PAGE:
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Are Annual Performance Reviews Pointless?

In my employer’s organisation, few of us look forward to February. It is the month of Annual Performance Reviews, an activity viewed without enthusiasm by both reviewers and reviewees alike. It doesn’t help that it has to be fitted in alongside the day job so if you have more than a few to do (and write up afterwards) they are quite disruptive and a lot of effort.

The process followed by my employer is common, especially among consultancy firms. We all obtain written feedback from our direct line managers, which is reviewed against a set of objective criteria and some personal objectives set at the previous year’s meeting. How well we are judged to have done contributes to our next pay rise (if there is one…). We then have a short chat about future career aspirations (which the company is often not in much of a position to satisfy) and more objectives are set for the next year. In theory we are all supposed to work towards meeting our objectives through the year, which aren’t set in stone and are varied to suit changing circumstances. Of course most people don’t actually give them a second thought until about a month before the next review.

Many people argue that this sort of review should be dispensed with altogether, as counterproductive. The majority of my colleagues view them as at best a box-ticking exercise, and at worst a charade.

Many of the arguments given against reviews are against specific aspects of the process, rather than carrying out a review as such. One common complaint is the practice of ranking all staff, especially if the outcome has to fit a forced bell curve distribution. This is divisive and demoralising, especially as most people over-rate their own performance. William M Fox argues that effort should only be made to solicit ratings for the extreme performers. My own experience is that we spend a lot of time arguing over the difference between those either side of the above/below average dividing line, only then later for them all to be dragged down arbitrarily when some HR bod decides we still don’t have enough “below average”. This group are the ones whose morale is most undermined by this type of process, despite often having put in a perfectly acceptable performance, usually barely distinguishable from their peers who are judged “above average”.

By contrast, I have found that if the performance rating is based on a more objective measurement (e.g., have I met agreed objectives?) it is more widely accepted and I have been able to sell the idea to staff.

A more convincing argument against annual reviews is that all feedback on performance should be given directly, at the time. This is hardly a new idea – for example it’s espoused in The One Minute Manager written in 1982. But it’s much easier said than done. I’ve rarely received any direct comments on my work as I’ve done it, and most of the time (even now) I’ve really had no idea how my day-to-day performance measures up. Of course the reason for this is obvious – most managers are under a lot of time pressure, and however well intentioned, never find time for quick discussions with their staff.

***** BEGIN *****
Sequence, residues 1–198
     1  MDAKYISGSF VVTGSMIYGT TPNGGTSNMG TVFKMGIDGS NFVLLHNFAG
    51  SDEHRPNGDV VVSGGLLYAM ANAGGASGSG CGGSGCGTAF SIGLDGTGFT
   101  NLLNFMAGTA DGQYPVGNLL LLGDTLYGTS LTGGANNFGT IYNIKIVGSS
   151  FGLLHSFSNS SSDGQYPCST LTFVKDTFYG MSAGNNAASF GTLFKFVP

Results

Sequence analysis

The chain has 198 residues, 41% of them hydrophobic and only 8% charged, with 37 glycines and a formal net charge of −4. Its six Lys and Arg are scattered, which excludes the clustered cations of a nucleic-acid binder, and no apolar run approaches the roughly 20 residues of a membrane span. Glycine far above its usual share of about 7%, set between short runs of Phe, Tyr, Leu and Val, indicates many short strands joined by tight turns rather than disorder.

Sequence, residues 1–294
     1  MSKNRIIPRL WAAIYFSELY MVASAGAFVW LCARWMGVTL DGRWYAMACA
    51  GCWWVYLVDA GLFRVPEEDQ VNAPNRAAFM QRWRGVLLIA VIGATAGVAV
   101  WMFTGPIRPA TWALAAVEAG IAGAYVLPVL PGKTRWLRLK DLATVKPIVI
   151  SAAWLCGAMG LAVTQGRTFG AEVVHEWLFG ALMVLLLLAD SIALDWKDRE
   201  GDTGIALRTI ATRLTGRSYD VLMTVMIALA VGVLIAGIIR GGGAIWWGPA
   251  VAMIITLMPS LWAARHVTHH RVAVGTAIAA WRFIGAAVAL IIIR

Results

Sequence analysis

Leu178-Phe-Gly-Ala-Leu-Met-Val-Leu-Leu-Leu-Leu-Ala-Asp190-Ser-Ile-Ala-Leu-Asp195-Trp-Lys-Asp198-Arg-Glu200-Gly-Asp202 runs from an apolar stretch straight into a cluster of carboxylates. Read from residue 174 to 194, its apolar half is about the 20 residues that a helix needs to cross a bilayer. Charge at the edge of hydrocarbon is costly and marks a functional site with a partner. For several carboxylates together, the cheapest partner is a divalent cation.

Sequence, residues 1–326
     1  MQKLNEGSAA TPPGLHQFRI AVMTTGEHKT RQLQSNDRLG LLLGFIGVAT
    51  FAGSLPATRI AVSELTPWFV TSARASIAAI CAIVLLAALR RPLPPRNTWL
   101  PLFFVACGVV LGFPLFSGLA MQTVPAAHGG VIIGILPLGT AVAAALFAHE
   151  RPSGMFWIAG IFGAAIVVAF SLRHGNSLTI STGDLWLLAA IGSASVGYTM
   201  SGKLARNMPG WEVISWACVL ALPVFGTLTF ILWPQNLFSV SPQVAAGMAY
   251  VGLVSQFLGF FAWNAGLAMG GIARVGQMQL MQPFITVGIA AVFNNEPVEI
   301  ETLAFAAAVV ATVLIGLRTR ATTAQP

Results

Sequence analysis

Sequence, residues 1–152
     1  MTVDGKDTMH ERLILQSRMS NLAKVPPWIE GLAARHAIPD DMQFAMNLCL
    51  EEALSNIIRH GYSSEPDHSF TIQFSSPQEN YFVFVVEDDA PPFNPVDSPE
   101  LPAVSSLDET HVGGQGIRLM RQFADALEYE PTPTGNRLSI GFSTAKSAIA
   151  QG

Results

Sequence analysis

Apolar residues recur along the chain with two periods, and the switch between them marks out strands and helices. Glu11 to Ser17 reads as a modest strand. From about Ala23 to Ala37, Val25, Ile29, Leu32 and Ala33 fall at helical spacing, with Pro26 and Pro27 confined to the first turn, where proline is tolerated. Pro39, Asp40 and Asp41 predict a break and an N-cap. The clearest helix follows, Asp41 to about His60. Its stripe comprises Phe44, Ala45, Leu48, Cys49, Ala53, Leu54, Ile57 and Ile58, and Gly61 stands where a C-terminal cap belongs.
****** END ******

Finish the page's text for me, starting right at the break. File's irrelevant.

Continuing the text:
This reason alone makes a strong case in favour of holding Annual Performance Reviews – managers are required, annually, to discuss and record the performance of their teams, even if they do nothing during the rest of the year. It’s also a good thing to be able to have a chat about our own work with someone who knows us, especially (following the model used by many consultancy firms) they are somebody independent who can give a wider perspective.

Of course, as reviewees, we can always take matters into our own hands. I surprised my own manager last year by requesting a one-to-one – he was quite relieved when he found that I had no motive except to review how I was doing against my job specification and objectives and to see if there was anything I should work on to improve. Of course, most of us are too lazy to do this unless we are forced to; even if we aren’t it’s hard to find time and easy to keep putting it off.

So, just as usefully, an annual review forces us once a year to interrupt our own busyness and take stock, when we might otherwise never get round to it. I have found it a good opportunity to identify a few things I can work on in the year ahead, and I don’t necessarily feel I need to discuss them all with my manager.

So, however imperfect, annual reviews are worthwhile if we use them to measure our own progress and see how we can improve in the year ahead. If you are required to have one, make the best of it!

More information

Kenneth Blanchard and Spencer Johnson (1982), The One Minute Manager, Collins/Fontana (1983 edition)

The trouble with Performance Reviews, an article in Business Week setting out some ways to do it better.

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